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Int J Obes (Lond). 2019 Dec;43(12):2536-2544. doi: 10.1038/s41366-018-0263-2. Epub 2018 Nov 21.

Very low calorie diets are associated with transient ventricular impairment before reversal of diastolic dysfunction in obesity.

Author information

1
Oxford Centre for Clinical Magnetic Resonance Research, Division of Cardiovascular Medicine, Radcliffe Department of Medicine, University of Oxford, Oxford, UK. jenny.rayner@cardiov.ox.ac.uk.
2
Oxford Centre for Clinical Magnetic Resonance Research, Division of Cardiovascular Medicine, Radcliffe Department of Medicine, University of Oxford, Oxford, UK.
3
Division of Cardiovascular Medicine, Radcliffe Department of Medicine, University of Oxford, Oxford, UK.
4
Oxford Centre for Diabetes, Endocrinology and Metabolism (OCDEM), NIHR Oxford Biomedical Research Centre, University of Oxford, Oxford, UK.

Abstract

OBJECTIVES:

Very low calorie diets (VLCDs) are effective at clearing hepatic steatosis and improving insulin sensitivity. Whilst long-term weight loss is beneficial to the cardiovascular system, the acute elevation in fatty acids during caloric restriction is potentially detrimental to cardiac metabolism and function. We sought to investigate any cardiovascular changes occurring over the course of a modern VLCD regime, alongside the expected peripheral metabolic improvements.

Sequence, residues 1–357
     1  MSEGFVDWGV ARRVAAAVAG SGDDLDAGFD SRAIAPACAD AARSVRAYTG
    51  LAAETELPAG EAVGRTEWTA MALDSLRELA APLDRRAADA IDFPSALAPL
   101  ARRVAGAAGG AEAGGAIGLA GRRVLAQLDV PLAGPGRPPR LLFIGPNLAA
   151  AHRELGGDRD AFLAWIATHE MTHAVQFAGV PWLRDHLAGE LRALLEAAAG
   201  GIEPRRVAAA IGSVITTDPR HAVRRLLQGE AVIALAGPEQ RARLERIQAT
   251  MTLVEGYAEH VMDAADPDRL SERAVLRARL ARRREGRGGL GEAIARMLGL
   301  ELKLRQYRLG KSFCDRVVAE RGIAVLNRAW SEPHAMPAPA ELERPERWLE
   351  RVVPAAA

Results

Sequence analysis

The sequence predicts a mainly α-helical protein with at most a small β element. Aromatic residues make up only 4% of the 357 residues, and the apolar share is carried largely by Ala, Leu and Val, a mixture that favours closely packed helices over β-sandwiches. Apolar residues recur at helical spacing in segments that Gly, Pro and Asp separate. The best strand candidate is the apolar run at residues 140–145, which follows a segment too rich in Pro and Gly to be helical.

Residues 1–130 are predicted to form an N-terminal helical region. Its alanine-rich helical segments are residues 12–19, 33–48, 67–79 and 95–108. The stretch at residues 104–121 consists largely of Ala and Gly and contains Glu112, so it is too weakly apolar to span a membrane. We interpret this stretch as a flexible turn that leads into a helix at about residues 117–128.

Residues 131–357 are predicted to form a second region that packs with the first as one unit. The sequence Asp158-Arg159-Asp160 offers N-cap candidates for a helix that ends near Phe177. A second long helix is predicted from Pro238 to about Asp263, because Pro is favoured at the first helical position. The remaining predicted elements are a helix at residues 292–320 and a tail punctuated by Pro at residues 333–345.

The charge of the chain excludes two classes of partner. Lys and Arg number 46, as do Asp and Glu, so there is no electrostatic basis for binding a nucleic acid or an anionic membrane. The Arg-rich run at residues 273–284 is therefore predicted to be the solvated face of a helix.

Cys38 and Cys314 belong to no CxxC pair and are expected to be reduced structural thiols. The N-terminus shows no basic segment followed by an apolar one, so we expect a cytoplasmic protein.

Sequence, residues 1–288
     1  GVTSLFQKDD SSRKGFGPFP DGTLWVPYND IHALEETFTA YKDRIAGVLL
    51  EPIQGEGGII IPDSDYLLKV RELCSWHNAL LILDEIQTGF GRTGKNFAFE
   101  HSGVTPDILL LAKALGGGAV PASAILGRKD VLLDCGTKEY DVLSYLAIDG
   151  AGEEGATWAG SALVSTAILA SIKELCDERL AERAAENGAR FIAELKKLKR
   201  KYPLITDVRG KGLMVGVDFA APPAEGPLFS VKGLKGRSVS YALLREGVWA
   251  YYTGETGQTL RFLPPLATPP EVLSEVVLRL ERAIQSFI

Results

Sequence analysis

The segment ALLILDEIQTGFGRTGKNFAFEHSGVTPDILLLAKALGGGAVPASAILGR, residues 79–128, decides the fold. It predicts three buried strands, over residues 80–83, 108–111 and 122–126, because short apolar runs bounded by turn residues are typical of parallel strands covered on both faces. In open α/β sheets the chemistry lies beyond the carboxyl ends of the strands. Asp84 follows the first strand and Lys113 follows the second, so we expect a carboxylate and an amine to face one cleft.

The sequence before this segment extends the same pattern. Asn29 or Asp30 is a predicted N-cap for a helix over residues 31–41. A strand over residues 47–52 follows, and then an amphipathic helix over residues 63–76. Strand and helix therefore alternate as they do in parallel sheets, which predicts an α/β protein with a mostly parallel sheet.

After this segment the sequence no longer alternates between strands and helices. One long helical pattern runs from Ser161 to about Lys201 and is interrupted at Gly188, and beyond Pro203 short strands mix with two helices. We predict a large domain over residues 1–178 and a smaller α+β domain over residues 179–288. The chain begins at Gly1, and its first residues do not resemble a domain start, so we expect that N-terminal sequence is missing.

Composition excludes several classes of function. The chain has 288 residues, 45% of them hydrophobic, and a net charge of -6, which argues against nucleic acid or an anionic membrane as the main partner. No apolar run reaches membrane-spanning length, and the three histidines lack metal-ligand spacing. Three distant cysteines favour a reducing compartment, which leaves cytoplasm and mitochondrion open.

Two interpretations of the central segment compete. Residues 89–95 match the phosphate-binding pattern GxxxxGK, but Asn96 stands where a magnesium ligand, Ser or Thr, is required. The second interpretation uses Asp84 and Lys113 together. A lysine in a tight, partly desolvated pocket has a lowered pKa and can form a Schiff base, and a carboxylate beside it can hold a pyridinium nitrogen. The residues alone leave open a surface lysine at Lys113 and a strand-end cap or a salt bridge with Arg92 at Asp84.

METHODS:

25 obese volunteers (BMI 36.8 ± 5.8 kg/m2) underwent magnetic resonance imaging, echocardiography, metabolic profiling, and bio-impedance analysis before 1 and 8 weeks following a VLCD (800 kcal/day). Results were compared to 15 age- and sex-matched controls.

RESULTS:

After 1 week of VLCD, despite only modest weight loss, significant drops occurred in liver fat and insulin resistance (HOMA-IR; by 14-50%, all p < 0.01). In contrast, myocardial triglyceride content (MTGC) increased (by 48%, p = 0.030), and was associated with deterioration in both systolic (LVEF by 4%, p = 0.041) and diastolic function (e/e' 8.6 ± 1.4 to 9.4 ± 1.7, p = 0.019). Aortic stiffness also increased by 35% (p = 0.015). At 8 weeks, liver steatosis and visceral fat were lower than baseline (by 20-55%, p < 0.001), and peripheral metabolic improvements continued. MTGC also fell to below baseline (1.5 ± 0.6 vs 2.1 ± 1%, p = 0.05) with improved myocardial function (e/e' 8.6 ± 1.4 to 7.5 ± 1.5, p = 0.003).

CONCLUSIONS:

Whilst VLCDs result in dramatic improvements in insulin resistance, they are associated with transient but significant cardiovascular functional decline, which may have an impact on those with the coexisting cardiac disease. However, after 8 weeks, the diet was associated with normalisation of cardiac function, suggesting they may form a potential therapeutic intervention for diastolic dysfunction in obesity and diabetes.

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